This is a BE vs AE difference. The use of plural verbs with collective nouns is perfectly acceptable in BE. You hear it on the BBC every day: the Government have decided to.../Arsenal have won again/etc
    This usage is unacceptable in AE but perfectly correct in BE
     

    brian

    Senior Member
    AmE (New Orleans)
    You're right, Carlo. In my little "not all, of course" aside above ("...and allow certain (not all, of course) discernable changes occur..."), I left much to be explained, mostly because I had posted it when we were still in the other thread, and I wanted to minimize my off-topic-ness. :)

    Since I'm already late for work, I can't go into it in detail right now. Suffice it to say, however, that I am in full agreement (if I'm reading you correctly) that there is a world of difference between dismissing narrow-minded, rigid rules posed by the late grammarians and sloppily permitting trendy, cringe-worthy changes.

    By the way, who are the Crusca?


    Brian
     

    moodywop

    Banned
    Italian - Italy
    brian8733 said:
    .

    By the way, who are the Crusca?

    The Accademia della Crusca is a language academy founded at the end of the 16th century. Its members are the most prestigious language scholars in Italy.

    As I tried to explain here nowadays its approach is completely different from the rigid state-sponsored prescriptivism of the French and Spanish academies.

    You will find more information on their site:

    http://www.accademiadellacrusca.it/l_accademia.shtml

    A very useful feature is a search function that allows you to find the replies to readers' queries on a wide variety of usage issues:

    http://www.accademiadellacrusca.it/faq/ricerca_faq.php
     

    coppergirl

    Senior Member
    USA/English
    Ciao a tutti!

    Ok, I admit, as a native English speaker, in this I am a purist! (Sorry!). I am teaching my kids that it is really correct to use "than I" and explaining the whole thing about the implicit "verb of being" that is at the end of the sentence (e.g. "than I am").

    I do tell them that, in practice, they may make people feel slightly awkward if the adhere to this too strongly in public, and so I tell them to use it when writing, but to gauge the situation when speaking so that no one feels awkward.

    If they are in a group of people who are saying "He is not nearly as tall as I" then use that. If they are in a group of people who are saying, "He is not nearly as tall as me", use that. But whatever you do, know that the correct form was originally "He is not nearly as tall as I", even if it is virtually archaic in English.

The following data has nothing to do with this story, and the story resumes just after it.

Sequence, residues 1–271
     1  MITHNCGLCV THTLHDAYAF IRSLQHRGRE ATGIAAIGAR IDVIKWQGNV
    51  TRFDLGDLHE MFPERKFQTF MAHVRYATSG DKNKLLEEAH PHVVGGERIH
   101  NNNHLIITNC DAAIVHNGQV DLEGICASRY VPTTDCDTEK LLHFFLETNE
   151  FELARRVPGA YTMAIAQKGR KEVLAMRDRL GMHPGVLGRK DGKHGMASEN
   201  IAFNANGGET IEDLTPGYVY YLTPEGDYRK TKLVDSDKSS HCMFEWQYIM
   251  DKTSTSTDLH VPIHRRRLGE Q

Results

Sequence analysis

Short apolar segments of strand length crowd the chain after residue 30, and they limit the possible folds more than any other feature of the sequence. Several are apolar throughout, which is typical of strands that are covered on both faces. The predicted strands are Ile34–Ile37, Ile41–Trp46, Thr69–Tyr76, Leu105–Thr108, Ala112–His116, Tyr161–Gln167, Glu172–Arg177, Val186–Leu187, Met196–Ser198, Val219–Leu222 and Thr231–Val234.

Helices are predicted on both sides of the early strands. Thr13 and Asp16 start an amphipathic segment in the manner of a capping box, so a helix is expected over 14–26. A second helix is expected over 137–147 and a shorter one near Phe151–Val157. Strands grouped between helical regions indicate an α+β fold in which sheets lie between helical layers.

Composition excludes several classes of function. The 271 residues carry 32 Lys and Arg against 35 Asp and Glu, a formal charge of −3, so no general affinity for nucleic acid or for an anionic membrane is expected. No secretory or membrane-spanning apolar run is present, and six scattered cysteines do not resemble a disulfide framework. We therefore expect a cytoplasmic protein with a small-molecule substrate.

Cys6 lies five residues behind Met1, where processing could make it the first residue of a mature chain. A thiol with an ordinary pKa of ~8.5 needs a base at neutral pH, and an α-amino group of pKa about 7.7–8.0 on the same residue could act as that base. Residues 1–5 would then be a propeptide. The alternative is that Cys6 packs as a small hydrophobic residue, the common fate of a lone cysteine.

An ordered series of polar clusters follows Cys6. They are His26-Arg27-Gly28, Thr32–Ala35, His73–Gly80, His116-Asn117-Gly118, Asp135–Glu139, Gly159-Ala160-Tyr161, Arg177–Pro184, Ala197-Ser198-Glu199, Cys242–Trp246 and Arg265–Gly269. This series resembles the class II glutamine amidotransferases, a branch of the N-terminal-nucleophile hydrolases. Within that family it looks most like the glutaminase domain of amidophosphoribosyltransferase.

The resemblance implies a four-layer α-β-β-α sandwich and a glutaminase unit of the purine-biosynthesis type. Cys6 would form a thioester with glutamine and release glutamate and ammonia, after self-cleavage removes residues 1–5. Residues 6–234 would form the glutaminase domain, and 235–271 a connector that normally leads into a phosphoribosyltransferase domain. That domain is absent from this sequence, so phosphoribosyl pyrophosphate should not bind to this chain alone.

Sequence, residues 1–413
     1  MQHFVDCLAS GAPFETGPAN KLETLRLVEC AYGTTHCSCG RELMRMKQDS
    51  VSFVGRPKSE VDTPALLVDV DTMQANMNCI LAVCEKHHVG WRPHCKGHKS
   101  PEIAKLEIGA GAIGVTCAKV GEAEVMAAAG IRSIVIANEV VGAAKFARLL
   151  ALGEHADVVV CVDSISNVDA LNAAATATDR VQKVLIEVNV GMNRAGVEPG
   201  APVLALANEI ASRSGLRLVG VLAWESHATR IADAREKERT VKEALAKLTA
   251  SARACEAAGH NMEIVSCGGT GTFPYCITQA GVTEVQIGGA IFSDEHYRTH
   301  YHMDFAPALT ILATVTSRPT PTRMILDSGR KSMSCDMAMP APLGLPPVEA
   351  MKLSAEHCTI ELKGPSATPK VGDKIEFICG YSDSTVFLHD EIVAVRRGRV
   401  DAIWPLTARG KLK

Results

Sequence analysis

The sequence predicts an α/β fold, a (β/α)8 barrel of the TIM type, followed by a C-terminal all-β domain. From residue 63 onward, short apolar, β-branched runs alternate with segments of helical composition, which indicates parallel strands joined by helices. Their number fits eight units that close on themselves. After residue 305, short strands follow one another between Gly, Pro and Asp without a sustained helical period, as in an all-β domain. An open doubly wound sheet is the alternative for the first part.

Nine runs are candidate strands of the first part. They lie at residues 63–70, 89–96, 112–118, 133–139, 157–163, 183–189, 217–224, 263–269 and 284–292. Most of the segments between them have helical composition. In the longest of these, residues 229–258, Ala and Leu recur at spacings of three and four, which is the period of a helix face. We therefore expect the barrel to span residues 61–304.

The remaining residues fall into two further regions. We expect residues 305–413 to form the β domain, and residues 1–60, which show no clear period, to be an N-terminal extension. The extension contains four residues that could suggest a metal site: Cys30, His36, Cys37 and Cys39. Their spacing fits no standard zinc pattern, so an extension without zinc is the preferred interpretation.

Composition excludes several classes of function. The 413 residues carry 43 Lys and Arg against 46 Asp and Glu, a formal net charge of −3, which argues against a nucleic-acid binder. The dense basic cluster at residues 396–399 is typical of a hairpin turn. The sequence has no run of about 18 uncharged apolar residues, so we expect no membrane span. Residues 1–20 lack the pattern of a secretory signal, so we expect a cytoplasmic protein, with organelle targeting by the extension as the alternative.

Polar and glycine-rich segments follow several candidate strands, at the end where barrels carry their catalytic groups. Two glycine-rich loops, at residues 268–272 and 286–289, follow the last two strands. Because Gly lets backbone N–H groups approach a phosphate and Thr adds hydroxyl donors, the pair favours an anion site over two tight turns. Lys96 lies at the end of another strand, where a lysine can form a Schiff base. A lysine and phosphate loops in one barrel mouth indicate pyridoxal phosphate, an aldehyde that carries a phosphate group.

Hope that doesn't offend either the purists nor the "living language" people out there!

    Cheers!
     

    moodywop

    Banned
    Italian - Italy
    In the Cultural forum I made up this imaginary conversation in which the rules based on Latin grammar introduced by the 18th century grammarians are strictly adhered to:

    (knock knock)

    - Who is it?

    - It is I, John

    - Hello, John

    - Why did you not open the door when I first knocked?

    - I was talking on the telephone

    - To whom were you talking?

    - It is none of your business to whom I was talking. It is something with which you need not concern yourself

    - I do not to care with whom you talk. You can talk to whomever you like
     

    skywatcher

    Senior Member
    Italia, Italiano
    Saoul said:
    So if I use the correct form I will be looked at as if I'm wrong, and if I use the wrong one, I will be looked at, as if I am right. I need a drink!
    Splendido post anche questo... :)
    We have many situations like these ones also in Italian, I think.

    Un caso un po' estremo:
    "Questi scandinàvi in genere giocano bene, quindi non li sottovalùto"
    :D non sono pazzo.
     

    DAH

    Senior Member
    USA/California--English
    Saoul said:
    So if I use the correct form I will be looked at as if I'm wrong, and if I use the wrong one, I will be looked at, as if I am right. I need a drink!
    Sometimes.....it may come down to whomever you are talking or addressing. In other words, you have to consider the result you desire when speaking, writting, or addressing the one you must impress, please, manipulate, persaude, win over or blow off.

    Knowledge is power.
     

    Saoul

    Senior Member
    Italian
    DAH said:
    Sometimes.....it may come down to whomever you are talking or addressing. In other words, you have to consider the result you desire when speaking, writting, or addressing the one you must impress, please, manipulate, persaude, win over or blow off.